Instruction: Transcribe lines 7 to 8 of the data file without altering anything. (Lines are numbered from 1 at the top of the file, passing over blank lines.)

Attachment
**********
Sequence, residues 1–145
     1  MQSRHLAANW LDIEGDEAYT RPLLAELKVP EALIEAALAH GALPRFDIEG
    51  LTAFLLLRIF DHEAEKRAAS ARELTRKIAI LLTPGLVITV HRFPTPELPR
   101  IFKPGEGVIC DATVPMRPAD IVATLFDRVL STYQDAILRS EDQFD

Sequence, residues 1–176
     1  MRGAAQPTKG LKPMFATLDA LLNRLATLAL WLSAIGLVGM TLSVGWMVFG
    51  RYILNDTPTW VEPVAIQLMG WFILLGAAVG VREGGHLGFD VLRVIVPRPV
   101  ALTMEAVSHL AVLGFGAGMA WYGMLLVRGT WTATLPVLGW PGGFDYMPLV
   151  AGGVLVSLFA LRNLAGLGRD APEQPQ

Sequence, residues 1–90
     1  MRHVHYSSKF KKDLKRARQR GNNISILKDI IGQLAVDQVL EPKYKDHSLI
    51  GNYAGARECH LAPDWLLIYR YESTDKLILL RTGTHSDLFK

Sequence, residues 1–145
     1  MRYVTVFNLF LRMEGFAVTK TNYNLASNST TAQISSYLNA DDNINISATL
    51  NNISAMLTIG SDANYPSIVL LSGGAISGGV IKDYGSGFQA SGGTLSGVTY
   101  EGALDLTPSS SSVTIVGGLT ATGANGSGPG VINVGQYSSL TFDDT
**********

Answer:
    51  RYILNDTPTW VEPVAIQLMG WFILLGAAVG VREGGHLGFD VLRVIVPRPV
   101  ALTMEAVSHL AVLGFGAGMA WYGMLLVRGT WTATLPVLGW PGGFDYMPLV